Full-waveform inversion studies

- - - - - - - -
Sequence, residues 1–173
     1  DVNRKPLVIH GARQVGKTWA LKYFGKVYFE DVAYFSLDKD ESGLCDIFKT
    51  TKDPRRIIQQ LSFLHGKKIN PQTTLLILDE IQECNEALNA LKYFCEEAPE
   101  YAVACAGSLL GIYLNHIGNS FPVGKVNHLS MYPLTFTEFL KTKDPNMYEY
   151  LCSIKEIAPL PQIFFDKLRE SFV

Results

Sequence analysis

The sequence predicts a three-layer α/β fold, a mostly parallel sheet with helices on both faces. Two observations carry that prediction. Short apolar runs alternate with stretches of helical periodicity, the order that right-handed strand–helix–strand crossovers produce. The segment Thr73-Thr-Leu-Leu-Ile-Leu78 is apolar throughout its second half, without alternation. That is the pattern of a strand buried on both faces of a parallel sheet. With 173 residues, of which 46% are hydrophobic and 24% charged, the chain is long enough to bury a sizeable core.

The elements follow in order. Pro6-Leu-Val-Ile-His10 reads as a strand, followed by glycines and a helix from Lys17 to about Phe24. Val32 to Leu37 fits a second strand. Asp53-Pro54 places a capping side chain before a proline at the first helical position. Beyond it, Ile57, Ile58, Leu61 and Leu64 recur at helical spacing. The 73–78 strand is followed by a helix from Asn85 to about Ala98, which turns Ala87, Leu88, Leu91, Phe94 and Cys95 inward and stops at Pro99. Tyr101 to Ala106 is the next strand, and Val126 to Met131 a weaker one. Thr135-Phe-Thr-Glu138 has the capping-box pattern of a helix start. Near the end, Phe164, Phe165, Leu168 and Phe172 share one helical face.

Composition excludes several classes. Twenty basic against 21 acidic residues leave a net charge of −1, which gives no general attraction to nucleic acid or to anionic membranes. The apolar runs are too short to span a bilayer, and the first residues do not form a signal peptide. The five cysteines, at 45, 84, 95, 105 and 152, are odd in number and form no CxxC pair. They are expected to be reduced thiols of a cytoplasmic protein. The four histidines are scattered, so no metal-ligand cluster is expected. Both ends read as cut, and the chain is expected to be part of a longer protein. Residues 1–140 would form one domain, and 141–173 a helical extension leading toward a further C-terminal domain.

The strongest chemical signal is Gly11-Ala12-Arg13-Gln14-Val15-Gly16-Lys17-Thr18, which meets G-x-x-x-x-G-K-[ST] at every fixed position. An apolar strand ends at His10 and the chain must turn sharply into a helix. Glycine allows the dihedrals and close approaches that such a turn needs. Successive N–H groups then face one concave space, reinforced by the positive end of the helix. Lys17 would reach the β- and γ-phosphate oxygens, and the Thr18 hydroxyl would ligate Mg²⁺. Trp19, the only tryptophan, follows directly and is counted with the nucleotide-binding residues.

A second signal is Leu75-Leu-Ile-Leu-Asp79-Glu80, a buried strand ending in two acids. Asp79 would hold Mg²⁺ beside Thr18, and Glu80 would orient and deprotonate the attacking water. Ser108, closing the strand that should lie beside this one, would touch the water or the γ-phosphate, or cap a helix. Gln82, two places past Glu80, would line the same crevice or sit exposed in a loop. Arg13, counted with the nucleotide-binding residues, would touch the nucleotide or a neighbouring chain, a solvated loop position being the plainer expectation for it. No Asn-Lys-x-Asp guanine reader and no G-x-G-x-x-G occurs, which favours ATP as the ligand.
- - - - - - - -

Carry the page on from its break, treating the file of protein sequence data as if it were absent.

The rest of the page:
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In this master thesis, full-waveform inversion (FWI) was applied to a synthetic, and very complex, geological structure containing a salt body. The main objective was to evaluate the capabilities of FWI to estimate velocities in this context, and more specially below the salt. Seismic depth imaging is now the preferred seismic imaging tool for today's most challenging exploration projects. Seismic depth imaging problem usually requires the definition of a smooth background velocity model before determining the short wavelength component of the structure by pre-stack depth migration. It is well established that success of pre-stack depth migration in complex geological media strongly depends from the definition of the background velocity model. Standard tools for building velocity models generally fail to reconstruct the correct sub-salt velocities. Sub-salt imaging is a very challenging problem and a lot of resources are spent trying to solve this problem, since salt bodies in the sub-surface are known to be very good hydrocarbon traps. In this master thesis, the work have been performed on a modified version of the 2004 BP velocity benchmark model. This model represents a very interesting salt context, where conventional imaging methods can not provide any good results. After describing the seismic inversion problem, and the FWI theory and code used in this work, the application to the 2004 BP benchmark model is described. FWI was first applied to the synthetic data using a starting model derived by smoothing the true velocity model. This is an easy way to ensure an adequate starting model, as the method is very dependent on a good starting model. In the inversion process 17 frequency components were used, ranging between 1 and 15 Hz. This resulted in a velocity model that accurately recovered both the salt body and the sub-salt velocities. The average deviation between the true and estimated sub-salt velocities was found to be approximately 6 %. A more realistic starting model was then derived using first-arrival traveltime tomography, a well known method for obtaining velocity models. FWI was applied to this starting model, and the result was also positive when using this starting model. The salt body was well delineated, whereas the sub-salt velocities were generally more inaccurate than for the previous application. The sub-salt velocity difference was increased to roughly 10 %. However, if more effort had been spent on reconstructing a more accurate starting model, the results might have improved. When fewer frequency components are used in the inversion, the result declined. A test using only 6 frequency components showed that the final reconstructed model suffered from a lack of recovered wavenumbers, especially at the deeper and more complex parts of the model. In such a complex medium as the 2004 BP benchmark model, it is hence necessary to introduce wavenumbers by including a sufficient number of frequency components in the inversion process. Other tests that were conducted showed that, in this particular case, the non-linearity of the inversion problem increased with higher frequencies, and was reduced by larger offset ranges included in the seismic data. The inversion is hence sensitive to the starting frequency as well as the starting model. The results in this master thesis demonstrate that FWI has a great potential in reconstructing sub-salt velocities in salt media. For the future, both applying the method to real data from a salt basin area, and develop a migration tool and test the effect of FWI on a migrated image, are interesting challenges.